Friday, July 07, 2006

Stephen Hawking's question

Recently Yahoo, in order to drum up interest in 'Yahoo questions,' began asking a sequence of ten celebrities or people known as deep thinkers to ask a question, for the community to answer (no, I didn't get asked to submit one, despite the title of this blog.)

Award winning astrophysicist and author Stephen Hawking was asked, and not surprisingly came up with a very insightful question.

He asked, In a world that is in chaos politically, socially and environmentally, how can the human race sustain another 100 years?

Hawking's groundbreaking research on black holes and the origins of the universe has made him one of the best-known theoretical physicists of his generation. Author of the global best-seller "A Brief History of Time," Hawking is known for proposing that space and time have no beginning and no end.

Lately, he has been pondering the fate of humans.

In a speech June 13 in Hong Kong, Hawking said the survival of the human race depends on its ability to find new homes elsewhere in the universe because there's an increasing risk that a disaster will destroy Earth.

He said that if humans can avoid killing themselves in the next 100 years, they should have space settlements that can continue without support from Earth.

If you would like to answer Hawking's question (you have to be a registered member of Yahoo!), you can go here.

I answered it, and the rest of the post is my answer:

Given the fact that we are up against a suddenly limited world-- limited space, limited resources, limited time to do anything about it, we should change our paradigm to where unnecessary waste of resources is considered socially unacceptable. This could mean higher taxes on things like gasoline and water, with the taxes going to finance research and construction of more efficient means of transportation, water use and space utilization. There was a time when the earth was wide open to a person with a dream, and it still is, but 'wide open' (implying resources just available for the taking) must be replaced with the description that the world is 'full of opportunities and needs awaiting a dream' to fulfill them.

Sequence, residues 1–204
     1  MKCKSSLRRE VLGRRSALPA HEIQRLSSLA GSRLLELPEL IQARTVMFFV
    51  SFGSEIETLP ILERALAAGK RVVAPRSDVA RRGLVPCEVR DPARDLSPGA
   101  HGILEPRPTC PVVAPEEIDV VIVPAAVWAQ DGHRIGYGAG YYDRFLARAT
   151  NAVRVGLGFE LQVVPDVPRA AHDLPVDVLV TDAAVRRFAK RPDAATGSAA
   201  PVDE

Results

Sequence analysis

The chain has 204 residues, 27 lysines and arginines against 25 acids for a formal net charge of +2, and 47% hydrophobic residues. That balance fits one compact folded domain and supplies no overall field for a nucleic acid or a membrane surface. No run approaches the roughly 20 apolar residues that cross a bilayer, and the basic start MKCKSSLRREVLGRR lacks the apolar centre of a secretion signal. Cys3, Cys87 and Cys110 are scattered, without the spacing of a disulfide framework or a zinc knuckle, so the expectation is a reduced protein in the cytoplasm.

Also, the biggest of all wastes, war, in which massive amounts of resources are used simply to destroy other creations and resources (including most importantly human resources), must be considered as archaic as, for example, the medieval torture chamber, slavery and witchcraft trials. This means that the U.N. has to have the teeth to enforce resolutions (perhaps by expanding the security council to 21 with 11 permanent members-- Japan, Brazil, India, Pakistan, Nigeria and Indonesia being given 'veto' power, but with 'veto' now meaning a 'double veto'-- that two permanent members of the council must exercise a veto in order for it to stick, or one permanent member with a majority of the ten non-permanent members. In addition to focusing on expanding the power of the U.N., it has to be stated explicitly that the developed nations of the world must foster development, hope and wise use of resources in the underdeveloped nations of the world. Desperate people without hope are the most likely to follow leaders who desire war.

Further, once developing nations are fully developed, it will end many of the immigration problems we see today, as well as serving the world as a whole as the underdeveloped world today is wasting resources through inefficiency. Pollution is the tangible product created by this inefficiency.

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